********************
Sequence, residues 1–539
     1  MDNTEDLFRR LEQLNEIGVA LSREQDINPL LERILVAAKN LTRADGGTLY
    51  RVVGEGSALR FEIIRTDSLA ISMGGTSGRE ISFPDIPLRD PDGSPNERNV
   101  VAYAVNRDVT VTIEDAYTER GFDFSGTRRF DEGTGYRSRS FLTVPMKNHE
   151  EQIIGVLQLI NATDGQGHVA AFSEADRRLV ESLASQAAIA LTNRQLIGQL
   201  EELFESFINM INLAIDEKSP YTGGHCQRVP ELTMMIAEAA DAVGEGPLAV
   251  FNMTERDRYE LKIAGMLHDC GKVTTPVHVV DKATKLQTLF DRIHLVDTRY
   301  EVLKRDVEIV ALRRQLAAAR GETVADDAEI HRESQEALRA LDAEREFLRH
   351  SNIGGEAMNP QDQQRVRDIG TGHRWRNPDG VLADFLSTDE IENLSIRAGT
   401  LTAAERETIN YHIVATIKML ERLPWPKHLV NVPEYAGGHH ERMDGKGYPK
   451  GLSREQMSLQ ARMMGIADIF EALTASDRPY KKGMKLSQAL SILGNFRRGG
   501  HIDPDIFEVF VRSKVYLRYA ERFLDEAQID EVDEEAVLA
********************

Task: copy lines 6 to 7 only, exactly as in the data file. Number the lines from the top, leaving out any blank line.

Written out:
   201  EELFESFINM INLAIDEKSP YTGGHCQRVP ELTMMIAEAA DAVGEGPLAV
   251  FNMTERDRYE LKIAGMLHDC GKVTTPVHVV DKATKLQTLF DRIHLVDTRY